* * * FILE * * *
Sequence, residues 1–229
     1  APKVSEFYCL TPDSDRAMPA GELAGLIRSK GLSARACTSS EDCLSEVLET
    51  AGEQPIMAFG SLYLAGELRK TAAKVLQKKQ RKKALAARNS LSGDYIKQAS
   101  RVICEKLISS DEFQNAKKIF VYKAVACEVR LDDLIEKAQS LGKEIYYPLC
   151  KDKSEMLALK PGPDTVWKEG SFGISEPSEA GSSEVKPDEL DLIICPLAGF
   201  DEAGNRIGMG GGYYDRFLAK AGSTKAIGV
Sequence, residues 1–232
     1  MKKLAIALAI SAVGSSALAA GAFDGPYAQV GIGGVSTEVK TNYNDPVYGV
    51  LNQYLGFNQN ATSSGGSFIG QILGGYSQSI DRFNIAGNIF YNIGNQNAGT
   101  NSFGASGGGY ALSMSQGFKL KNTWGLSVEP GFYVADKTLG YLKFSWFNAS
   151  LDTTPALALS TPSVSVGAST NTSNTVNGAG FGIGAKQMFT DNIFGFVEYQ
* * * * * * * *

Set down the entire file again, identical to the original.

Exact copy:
Sequence, residues 1–229
     1  APKVSEFYCL TPDSDRAMPA GELAGLIRSK GLSARACTSS EDCLSEVLET
    51  AGEQPIMAFG SLYLAGELRK TAAKVLQKKQ RKKALAARNS LSGDYIKQAS
   101  RVICEKLISS DEFQNAKKIF VYKAVACEVR LDDLIEKAQS LGKEIYYPLC
   151  KDKSEMLALK PGPDTVWKEG SFGISEPSEA GSSEVKPDEL DLIICPLAGF
   201  DEAGNRIGMG GGYYDRFLAK AGSTKAIGV
Sequence, residues 1–232
     1  MKKLAIALAI SAVGSSALAA GAFDGPYAQV GIGGVSTEVK TNYNDPVYGV
    51  LNQYLGFNQN ATSSGGSFIG QILGGYSQSI DRFNIAGNIF YNIGNQNAGT
   101  NSFGASGGGY ALSMSQGFKL KNTWGLSVEP GFYVADKTLG YLKFSWFNAS
   151  LDTTPALALS TPSVSVGAST NTSNTVNGAG FGIGAKQMFT DNIFGFVEYQ